You show me a successful person and I'll show you one with structured daily habits.
The more successful, the more self-imposed, challenging, relevant, and active his or her habits.
Even bad-boy athletes, apparently self-indulgent rock stars, and counter-cultural artists have habits. Rather, the long-term successful ones do.
The most successful people in history and the world today are noted for their habits--success by their own standards, which could be money but could also be artistic output, peace of mind, or whatever they valued. Just as your habits can create success for you by your standards.
What makes a habit valuable and effective
If your idea of daily habits are reading the news and brushing your teeth, you're holding yourself back from your potential.
Trying to succeed in life without the structure of a habit is like building on sand. A habit gives you solid ground to build on. The more challenging and active the habit, the more solid the foundation.
A couple self-imposed daily challenging healthy activities and you're building on bedrock.
I coined the term sidcha for self-imposed daily challenging healthy activity to combine the properties of what differentiates bedrock from sand or packed dirt and created sidcha.com to elaborate on it.
Inspired by Joel Runyon's TEDx talk and writings on cold showers in his inspired and inspiring ImpossibleHQ blog, I coined sidcha during 30 days of cold showers, pondering what made certain habits so valuable.
The pattern helped me realize and act on what worked and cull what didn't. Anyone who knows me knows I have several sidchas:
- Waking up, making my bed, and crossing the room to turn off my alarm in 1 minute
- A burpee-based calisthenics routine when I wake up
- A http://joshuaspodek.com/js_blogseries/cold-showers-rockcold shower every fourth day (I expand "daily" to include precisely regular activities, and I wouldn't keep up a cold shower every day)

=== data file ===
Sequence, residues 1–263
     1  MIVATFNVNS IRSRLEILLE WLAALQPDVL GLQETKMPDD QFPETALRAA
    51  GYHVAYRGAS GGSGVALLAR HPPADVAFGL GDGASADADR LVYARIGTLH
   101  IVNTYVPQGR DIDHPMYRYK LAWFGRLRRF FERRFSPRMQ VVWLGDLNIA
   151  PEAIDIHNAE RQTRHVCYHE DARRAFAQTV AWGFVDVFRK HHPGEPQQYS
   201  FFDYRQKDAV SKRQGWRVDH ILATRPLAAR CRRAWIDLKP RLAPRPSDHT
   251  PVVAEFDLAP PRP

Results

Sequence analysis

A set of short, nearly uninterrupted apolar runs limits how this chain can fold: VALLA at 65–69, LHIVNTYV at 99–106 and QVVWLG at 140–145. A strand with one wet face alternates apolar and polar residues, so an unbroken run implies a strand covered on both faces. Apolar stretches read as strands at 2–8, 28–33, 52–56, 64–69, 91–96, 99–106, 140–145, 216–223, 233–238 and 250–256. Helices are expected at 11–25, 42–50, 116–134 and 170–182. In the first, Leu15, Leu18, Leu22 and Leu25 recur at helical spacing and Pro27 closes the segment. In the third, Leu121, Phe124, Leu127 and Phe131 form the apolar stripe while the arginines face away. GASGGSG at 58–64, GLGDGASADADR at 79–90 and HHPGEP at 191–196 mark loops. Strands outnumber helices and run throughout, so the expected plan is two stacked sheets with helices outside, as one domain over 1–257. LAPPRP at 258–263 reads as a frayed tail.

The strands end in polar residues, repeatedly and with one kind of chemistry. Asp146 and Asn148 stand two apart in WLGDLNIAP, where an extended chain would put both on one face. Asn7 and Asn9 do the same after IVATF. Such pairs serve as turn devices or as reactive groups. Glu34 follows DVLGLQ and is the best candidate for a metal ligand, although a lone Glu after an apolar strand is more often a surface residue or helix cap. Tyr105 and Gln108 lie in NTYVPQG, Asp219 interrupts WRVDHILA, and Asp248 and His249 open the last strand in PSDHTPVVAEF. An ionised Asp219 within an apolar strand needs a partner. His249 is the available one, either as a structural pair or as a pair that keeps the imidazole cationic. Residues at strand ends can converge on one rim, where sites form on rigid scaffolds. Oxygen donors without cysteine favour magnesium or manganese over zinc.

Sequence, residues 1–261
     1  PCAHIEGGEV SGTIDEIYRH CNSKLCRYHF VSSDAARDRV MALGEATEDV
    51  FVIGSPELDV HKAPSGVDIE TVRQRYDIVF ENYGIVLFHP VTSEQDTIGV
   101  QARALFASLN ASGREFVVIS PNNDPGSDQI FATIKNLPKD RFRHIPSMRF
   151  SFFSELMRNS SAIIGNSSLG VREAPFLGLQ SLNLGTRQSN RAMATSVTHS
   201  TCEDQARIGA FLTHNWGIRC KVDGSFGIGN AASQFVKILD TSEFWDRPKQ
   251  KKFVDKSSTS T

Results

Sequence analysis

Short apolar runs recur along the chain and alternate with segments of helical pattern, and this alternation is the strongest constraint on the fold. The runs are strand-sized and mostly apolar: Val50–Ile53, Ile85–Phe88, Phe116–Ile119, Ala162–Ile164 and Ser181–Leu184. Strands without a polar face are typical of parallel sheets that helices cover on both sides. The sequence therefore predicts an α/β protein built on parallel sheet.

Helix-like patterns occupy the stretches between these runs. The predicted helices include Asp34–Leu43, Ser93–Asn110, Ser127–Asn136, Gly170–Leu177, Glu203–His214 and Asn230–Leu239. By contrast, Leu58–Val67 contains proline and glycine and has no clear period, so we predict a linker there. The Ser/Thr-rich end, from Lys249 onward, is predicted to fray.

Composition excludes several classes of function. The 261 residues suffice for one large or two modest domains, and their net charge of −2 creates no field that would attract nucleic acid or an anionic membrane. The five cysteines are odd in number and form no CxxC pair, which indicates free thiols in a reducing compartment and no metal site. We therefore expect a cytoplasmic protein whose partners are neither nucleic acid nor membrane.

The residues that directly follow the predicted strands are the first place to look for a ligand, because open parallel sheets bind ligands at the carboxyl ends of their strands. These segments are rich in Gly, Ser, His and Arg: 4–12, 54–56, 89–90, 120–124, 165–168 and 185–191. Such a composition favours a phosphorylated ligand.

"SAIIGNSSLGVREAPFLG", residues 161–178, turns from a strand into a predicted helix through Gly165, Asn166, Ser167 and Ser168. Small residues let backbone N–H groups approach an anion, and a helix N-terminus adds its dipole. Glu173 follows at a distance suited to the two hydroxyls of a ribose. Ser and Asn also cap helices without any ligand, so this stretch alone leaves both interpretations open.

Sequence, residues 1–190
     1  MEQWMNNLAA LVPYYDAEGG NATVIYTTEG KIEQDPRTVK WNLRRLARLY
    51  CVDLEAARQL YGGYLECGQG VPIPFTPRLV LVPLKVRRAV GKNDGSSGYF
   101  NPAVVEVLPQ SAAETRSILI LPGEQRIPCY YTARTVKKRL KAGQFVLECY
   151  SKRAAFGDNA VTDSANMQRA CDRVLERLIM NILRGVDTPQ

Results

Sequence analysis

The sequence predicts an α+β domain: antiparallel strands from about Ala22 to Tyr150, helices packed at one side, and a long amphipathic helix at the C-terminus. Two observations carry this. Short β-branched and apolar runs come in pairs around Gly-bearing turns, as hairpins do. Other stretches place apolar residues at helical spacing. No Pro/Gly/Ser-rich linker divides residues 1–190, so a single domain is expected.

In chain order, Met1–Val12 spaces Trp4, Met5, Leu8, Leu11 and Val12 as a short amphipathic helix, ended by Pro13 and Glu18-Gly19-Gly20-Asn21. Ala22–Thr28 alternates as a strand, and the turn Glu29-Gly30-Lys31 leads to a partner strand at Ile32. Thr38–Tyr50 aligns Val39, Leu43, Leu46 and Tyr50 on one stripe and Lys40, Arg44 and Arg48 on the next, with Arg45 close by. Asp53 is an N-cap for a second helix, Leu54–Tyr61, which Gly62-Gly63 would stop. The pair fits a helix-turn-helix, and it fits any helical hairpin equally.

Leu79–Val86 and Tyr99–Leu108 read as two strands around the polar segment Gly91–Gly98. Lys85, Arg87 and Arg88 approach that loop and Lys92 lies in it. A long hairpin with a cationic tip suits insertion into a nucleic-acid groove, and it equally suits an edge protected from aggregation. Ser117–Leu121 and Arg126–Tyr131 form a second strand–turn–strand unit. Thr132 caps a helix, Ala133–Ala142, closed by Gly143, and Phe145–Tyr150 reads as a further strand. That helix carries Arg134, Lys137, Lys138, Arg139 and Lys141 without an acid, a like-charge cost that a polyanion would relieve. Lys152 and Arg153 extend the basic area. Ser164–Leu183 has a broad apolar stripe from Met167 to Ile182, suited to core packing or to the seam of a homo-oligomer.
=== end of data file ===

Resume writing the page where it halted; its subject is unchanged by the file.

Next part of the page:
- Rowing or weight lifting every other day
- A burpee-based calisthenics routine before going to bed
- Picking up at least one piece of trash per day from the street
- Writing one blog post
If I only did those things, I'd consider that day a good day. More importantly, they free me from stress of wondering what I have to do to act on what I want to do.
Then I can focus and act on what I care about. That's freedom. That's a good life.
Today's unique demands
Most of our grandparents' worlds imposed structure on them with 9 to 5 jobs and public institutions that our world has caused to crumble.
Instead, today, we have social media that teams of psychologists spend their careers designing to distract. We've lost faith in public institutions so don't follow.
In other words, we have to create our own structure if we want to build our lives in bedrock. Stories of past successful people help. Learning today's successful people's habits helps navigate our challenges.
That's why I love MyMorningRoutine.com. The page shares intimate portraits of successful people and their habits in today's world. They come from CEOs, entrepreneurs, celebrities, athletes, artists, writers, scientists, military service members, and more.
Full disclosure: today's morning routine is mine. I hope you'll read it. I hope you read many of them, since each person reveals him or herself. You can only reveal yourself after finding yourself, which sidchas do.
Seeing the diversity of routines from diverse people with diverse lives and diverse values inspires and provokes reflection: the role of coffee, exercise, sleep, the night before, news, email, and so on. Do you structure and create your world or do you let it control and manipulate you? If you create it, how?
Neither the page nor the people featured do it for money. We know the value of the routines and we hope that by sharing, others will create that value for themselves. We lose nothing and society gains.
What are your daily habits and sidchas?
Do you have a daily habit? Have you developed it all the way to being a sidcha? If so, share it. Write it below.
Keep practicing it daily.